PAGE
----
The Flying Dutchman, English National Opera, ENO, London Coliseum, April 2012Posted on 29 April 2012
Sudden darkness in the auditorium … the orchestra struck up, and we were treated to great power and sensitivity from the baton of Edward Gardner. The silences were silent, the quiet passages quiet, and the loud passages with the chorus came over with huge force.
This new production by Jonathan Kent starts in the overture with a little girl being put to bed by her father Daland the sea captain. She dreams of the sea … the wild, windy sea, shown in video projections designed by Nina Dunn. Then as the opera gets underway we see huge designs by Paul Brown filling the stage from top to bottom, with lighting by Mark Henderson embracing the video effects and giving beautiful colour changes during Daland’s lyrical dialogue with his daughter, when salvation beckons.
In the end when the Dutchman chides his would-be saviour, Senta for her apparent unfaithfulness he silently vanishes from the party throng, she smashes a bottle . . . and it’s all over. She dies and he is redeemed.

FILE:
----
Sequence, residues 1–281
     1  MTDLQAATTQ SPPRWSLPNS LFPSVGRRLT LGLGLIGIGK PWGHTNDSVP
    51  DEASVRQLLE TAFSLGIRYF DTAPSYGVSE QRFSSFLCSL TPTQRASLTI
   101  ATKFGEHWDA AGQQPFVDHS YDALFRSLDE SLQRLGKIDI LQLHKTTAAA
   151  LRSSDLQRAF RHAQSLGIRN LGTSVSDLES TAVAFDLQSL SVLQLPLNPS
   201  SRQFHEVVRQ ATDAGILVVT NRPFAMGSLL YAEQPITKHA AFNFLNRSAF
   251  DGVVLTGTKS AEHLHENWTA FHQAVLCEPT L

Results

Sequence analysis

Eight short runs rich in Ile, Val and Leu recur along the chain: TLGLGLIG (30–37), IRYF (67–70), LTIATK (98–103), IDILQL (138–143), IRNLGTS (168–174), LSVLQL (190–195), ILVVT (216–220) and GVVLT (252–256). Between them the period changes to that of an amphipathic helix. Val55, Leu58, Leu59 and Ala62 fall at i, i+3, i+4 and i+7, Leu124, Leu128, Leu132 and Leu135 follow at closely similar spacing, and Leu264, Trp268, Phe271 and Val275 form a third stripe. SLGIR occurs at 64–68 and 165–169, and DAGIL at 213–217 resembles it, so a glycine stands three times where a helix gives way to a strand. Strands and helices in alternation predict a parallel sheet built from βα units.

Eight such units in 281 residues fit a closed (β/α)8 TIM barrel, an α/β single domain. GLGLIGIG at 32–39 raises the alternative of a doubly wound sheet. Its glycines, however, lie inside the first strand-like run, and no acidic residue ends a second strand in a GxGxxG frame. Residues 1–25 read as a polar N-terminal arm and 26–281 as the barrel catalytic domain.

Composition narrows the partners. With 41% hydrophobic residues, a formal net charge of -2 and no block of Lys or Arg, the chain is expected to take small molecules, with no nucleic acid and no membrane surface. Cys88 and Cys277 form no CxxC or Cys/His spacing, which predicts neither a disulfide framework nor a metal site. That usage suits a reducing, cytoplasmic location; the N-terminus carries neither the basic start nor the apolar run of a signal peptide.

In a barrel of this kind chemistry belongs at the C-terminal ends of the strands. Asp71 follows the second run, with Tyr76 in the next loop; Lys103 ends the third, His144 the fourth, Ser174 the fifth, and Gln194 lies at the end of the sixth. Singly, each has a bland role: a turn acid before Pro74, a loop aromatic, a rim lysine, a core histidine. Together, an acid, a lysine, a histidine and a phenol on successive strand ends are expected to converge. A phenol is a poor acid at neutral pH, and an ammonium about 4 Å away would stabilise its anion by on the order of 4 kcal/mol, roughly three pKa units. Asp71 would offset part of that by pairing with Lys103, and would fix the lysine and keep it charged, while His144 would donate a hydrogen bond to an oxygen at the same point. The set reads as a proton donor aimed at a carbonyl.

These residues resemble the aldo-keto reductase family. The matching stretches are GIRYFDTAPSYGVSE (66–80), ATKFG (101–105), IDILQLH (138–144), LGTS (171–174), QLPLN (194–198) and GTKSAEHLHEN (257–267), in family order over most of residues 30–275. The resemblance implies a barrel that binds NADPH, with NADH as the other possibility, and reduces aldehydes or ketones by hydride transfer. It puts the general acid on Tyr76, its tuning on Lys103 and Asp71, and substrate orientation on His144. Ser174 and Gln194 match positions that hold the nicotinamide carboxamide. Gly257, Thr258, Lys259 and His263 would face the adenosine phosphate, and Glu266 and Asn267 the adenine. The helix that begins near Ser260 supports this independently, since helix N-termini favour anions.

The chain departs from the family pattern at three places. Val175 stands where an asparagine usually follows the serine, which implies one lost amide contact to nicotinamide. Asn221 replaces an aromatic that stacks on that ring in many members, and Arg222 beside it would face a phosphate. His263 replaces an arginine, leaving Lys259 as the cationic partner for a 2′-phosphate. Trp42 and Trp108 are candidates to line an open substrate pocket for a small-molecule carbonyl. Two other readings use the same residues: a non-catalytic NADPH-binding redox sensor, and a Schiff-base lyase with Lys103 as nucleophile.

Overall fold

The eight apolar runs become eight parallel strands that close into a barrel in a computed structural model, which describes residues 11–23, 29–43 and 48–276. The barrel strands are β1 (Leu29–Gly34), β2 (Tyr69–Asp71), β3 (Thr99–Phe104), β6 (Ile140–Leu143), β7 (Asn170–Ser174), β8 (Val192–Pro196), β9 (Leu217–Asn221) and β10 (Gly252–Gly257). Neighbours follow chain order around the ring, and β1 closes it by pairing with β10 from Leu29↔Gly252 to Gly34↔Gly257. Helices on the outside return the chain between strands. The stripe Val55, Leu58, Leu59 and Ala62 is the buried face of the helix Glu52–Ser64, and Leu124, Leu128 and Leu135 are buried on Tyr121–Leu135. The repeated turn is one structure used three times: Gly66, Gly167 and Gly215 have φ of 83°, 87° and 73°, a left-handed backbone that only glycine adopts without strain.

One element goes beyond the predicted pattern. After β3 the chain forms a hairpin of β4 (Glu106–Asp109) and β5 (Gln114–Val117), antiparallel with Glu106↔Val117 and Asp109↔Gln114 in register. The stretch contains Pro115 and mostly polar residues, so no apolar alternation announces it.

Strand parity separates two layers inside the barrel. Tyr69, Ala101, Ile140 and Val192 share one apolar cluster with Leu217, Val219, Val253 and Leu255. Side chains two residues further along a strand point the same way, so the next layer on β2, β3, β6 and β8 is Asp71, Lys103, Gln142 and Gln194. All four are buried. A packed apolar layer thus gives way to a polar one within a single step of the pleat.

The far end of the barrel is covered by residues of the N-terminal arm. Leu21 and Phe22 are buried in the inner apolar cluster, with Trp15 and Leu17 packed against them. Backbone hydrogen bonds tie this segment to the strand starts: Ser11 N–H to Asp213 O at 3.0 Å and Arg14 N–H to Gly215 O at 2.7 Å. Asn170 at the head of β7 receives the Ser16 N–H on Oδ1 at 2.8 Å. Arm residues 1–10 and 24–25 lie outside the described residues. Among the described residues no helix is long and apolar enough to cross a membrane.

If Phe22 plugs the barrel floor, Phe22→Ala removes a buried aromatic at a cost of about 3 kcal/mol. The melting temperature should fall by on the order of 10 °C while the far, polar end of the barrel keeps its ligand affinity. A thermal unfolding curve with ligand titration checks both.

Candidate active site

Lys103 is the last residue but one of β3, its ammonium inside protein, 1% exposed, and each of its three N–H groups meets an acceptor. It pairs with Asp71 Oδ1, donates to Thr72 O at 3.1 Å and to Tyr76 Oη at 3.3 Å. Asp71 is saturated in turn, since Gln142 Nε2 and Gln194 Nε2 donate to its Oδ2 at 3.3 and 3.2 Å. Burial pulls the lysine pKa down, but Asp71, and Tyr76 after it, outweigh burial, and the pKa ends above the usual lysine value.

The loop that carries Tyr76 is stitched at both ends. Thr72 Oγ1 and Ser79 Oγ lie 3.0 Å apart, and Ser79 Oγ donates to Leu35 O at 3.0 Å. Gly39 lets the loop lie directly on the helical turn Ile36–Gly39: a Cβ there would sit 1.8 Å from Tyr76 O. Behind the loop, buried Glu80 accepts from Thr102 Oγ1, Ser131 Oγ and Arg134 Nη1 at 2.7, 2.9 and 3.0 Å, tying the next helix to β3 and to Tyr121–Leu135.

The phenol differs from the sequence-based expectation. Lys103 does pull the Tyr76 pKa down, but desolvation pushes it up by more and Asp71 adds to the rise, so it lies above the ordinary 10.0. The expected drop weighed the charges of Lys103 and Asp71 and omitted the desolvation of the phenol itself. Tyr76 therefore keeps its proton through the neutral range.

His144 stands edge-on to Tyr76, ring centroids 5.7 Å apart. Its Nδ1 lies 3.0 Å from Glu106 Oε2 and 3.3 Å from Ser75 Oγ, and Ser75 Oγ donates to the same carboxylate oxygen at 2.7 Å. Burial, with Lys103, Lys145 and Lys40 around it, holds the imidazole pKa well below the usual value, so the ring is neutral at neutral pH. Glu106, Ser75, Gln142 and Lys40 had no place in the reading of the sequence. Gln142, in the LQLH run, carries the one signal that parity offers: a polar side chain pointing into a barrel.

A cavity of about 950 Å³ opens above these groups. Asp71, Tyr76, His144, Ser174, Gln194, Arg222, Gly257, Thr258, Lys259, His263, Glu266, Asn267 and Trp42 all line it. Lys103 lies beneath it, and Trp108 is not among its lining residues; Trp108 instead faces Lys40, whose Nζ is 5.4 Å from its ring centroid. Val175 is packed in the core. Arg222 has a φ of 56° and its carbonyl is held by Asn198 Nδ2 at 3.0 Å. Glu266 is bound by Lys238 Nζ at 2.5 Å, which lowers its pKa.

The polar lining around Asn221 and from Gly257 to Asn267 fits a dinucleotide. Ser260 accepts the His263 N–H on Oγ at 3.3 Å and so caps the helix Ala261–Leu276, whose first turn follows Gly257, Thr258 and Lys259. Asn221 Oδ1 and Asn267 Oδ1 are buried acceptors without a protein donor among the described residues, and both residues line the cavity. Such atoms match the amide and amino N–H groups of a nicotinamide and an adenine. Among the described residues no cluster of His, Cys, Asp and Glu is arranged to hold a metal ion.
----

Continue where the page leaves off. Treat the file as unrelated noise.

James Creswell as the Dutchman exhibited superb restraint and nobility, both in voice and stage presence, and with Clive Bayley portraying Daland as an engagingly earnest father to Senta, this was a cast rich in wonderful bass tones. At the higher register, Stuart Skelton was a brilliant Erik, the young man in love with Senta. He is a star in the ENO firmament. As Senta herself, Orla Boylan gave a somewhat uneven vocal performance with some strong moments but a flaccid stage-presence.
The Dutchman has been wandering the planet for countless years, and in Jonathan Kent’s production we see him dressed in a costume from two hundred years ago, contrasting with the girls working in a modern assembly shop where a costume party turns wild, threatening a gang rape of Senta . . . but suddenly the Dutchman’s ghostly crew sing powerfully from off-stage, scaring the living daylights out of the revellers. This is the same director who has produced Sweeney Todd now playing in the West End, so perhaps a bit of the Sweeney darkness has invaded Wagner, but that’s no bad thing, and the chorus carried it off superbly. They were wonderful.
The Flying Dutchman is the first of Wagner’s operas in the regular canon of ten, and this was the first time Edward Gardner has conducted any of them. I look forward to more!
Performances continue until May 23 — for details click here.